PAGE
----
Owing to the scrappy way in which newspapers treat social questions, it is not easy for the reader who has no other sources of information to get a full and clear view of what is going on even when the question is one which is always being written about, e.g., unemployment.

A very common misconception is that unemployment, owing to the displacement of workers by machines and to other factors, has been steadily growing since the end of the war. This view is particularly popular with those who hold that the present crisis is essentially different from pre-war crises, and that capitalism will never recover from it. Actually the changes in the numbers of unemployed have followed the same kind of course as in pre-war crises.

The years since 1918 can be divided into a number of well-defined periods.

In 1919 and 1920 there was some “demobilisation" unemployment, followed by a period in 1920, when unemployment was at a very low level, lower than in the years before the war.

Then, in 1921, came the sudden crisis which sent unemployment up to the 2½ million level.

During 1922 and 1923 unemployment declined to a level of about 10 per cent. or 11 per cent.

From 1923 to 1929 (apart from a short period in 1926 due to the General Strike) unemployment was not increasing, but remaining fairly stable at about 10 per cent. or 1,100,000. Actually, in July, 1929, there was less unemployment than in July, 1923, in spite of a very big increase in the total number of insured workers. In other words, there were many more workers in work than there were six years earlier.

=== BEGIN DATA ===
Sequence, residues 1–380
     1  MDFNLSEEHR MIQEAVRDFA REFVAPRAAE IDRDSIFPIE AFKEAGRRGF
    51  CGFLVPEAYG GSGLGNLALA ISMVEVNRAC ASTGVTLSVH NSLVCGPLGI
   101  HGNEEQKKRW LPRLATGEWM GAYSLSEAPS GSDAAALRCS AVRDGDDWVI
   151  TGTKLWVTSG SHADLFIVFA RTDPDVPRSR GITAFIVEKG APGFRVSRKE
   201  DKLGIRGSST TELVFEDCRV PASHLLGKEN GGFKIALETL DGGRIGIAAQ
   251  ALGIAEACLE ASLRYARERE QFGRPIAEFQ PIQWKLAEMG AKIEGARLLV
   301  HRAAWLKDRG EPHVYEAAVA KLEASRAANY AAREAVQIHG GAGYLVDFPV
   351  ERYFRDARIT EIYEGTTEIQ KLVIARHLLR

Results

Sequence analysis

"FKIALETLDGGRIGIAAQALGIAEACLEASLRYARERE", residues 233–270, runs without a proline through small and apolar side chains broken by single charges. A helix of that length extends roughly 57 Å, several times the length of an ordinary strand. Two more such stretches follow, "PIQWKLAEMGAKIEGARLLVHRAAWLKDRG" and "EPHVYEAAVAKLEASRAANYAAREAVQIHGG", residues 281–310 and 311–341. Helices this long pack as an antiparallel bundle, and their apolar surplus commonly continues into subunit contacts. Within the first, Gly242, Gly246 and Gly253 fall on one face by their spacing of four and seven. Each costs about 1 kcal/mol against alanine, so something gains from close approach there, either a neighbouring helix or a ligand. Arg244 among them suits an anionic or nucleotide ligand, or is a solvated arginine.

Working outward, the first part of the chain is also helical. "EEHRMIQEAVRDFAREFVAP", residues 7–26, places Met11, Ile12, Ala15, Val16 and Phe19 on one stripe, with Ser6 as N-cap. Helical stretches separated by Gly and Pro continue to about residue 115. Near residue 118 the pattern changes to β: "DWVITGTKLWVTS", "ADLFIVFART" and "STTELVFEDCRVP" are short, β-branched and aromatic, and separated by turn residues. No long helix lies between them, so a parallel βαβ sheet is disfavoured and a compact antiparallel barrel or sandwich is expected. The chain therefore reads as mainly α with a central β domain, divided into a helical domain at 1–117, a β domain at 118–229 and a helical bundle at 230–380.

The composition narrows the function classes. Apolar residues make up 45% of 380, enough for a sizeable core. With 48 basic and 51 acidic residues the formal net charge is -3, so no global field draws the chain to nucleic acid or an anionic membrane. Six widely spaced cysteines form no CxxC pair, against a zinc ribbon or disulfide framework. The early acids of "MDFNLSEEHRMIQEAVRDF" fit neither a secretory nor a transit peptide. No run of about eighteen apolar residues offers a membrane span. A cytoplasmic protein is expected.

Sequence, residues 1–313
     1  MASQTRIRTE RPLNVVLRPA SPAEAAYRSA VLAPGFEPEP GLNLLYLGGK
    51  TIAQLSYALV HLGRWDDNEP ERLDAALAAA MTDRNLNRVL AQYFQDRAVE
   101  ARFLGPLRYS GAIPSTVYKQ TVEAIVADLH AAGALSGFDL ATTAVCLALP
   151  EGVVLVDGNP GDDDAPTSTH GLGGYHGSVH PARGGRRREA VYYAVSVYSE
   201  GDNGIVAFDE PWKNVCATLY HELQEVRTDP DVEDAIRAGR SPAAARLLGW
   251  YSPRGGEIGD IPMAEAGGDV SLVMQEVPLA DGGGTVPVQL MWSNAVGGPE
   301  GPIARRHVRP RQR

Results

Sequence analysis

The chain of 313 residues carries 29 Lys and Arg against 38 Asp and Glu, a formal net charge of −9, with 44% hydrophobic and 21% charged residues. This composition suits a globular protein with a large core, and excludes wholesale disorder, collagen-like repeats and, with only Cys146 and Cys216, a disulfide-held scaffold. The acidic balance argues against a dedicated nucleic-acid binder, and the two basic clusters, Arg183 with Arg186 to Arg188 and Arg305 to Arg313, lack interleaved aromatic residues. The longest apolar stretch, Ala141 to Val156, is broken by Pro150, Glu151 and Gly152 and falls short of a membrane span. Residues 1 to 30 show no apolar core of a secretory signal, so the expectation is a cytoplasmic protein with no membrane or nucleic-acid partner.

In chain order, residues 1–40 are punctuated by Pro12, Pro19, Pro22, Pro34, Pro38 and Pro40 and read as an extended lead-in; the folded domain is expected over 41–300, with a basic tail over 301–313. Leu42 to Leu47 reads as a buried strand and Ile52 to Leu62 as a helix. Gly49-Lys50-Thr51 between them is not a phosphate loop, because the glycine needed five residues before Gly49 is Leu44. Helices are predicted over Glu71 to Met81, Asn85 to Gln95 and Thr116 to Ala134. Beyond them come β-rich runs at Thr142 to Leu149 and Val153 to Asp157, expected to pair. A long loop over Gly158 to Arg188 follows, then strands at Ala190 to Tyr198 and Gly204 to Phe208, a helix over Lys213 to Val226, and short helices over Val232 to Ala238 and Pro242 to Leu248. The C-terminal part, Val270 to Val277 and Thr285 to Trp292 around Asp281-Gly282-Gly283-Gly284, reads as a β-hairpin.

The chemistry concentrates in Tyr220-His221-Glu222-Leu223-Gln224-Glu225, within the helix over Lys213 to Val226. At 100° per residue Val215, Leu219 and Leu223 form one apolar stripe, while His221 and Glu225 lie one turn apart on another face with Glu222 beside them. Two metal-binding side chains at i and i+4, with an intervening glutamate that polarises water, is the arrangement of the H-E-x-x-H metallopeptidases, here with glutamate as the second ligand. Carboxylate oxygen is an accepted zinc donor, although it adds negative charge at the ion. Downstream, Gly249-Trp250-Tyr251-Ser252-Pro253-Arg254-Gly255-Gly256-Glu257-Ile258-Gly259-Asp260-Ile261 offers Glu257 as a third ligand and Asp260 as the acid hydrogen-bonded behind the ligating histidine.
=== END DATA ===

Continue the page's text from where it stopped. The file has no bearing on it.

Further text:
The years 1923 to 1929, which newspapers at the time habitually referred to as years of “depression" were, in fact, years of expanding production and trade, and increasing profits; Then, late in 1929, began the “crisis," with unemployment soaring up to 2½ or 3 millions, and a percentage (23 per cent.) only reached before for a short period in 1921.

The present “crisis" will eventually give place to a new period of expansion, but the fact that there were never fewer than 1,100,000 unemployed in the “boom" year 1929, shows what may be expected by the workers when prosperity returns for the capitalists. At its best, capitalism in England holds out little prospect of reducing unemployment much below 1 in 10 of the workers. That will be “normal" unemployment.

The Displacement of Workers
Closely linked up with the question of unemployment is the displacement of workers either by labour-saving machinery and methods, or by the rise of new industries and the decline of old ones. That process goes on steadily, but it does not mean (as the “Technocrats" have thought) that the number of workers employed gets steadily smaller. This can be illustrated from the course of events in this country during the years 1923 to 1932, about which the Ministry of Labour has made a special inquiry. (See Labour Gazette, November and December, 1932.)

In the first place the total population of the United Kingdom increased by 1,800,000 during those nine years, and the number of insured workers, aged 16 to 64, increased by about 15 per cent., or 1,670,000; from 11,140,000 in 1923, to 12,810,000 in 1932.

The next thing to notice is that in July, 1929, the year of maximum production just before the crisis, the number of insured workers actually in work was more than 10 per cent. greater than it was six years earlier, and it had been increasing more or less steadily in the intervening years. So that, in spite of machinery and the decline of certain big industries, there were 11 men and women actually in work, in 1929, for every 10 who were working in 1923.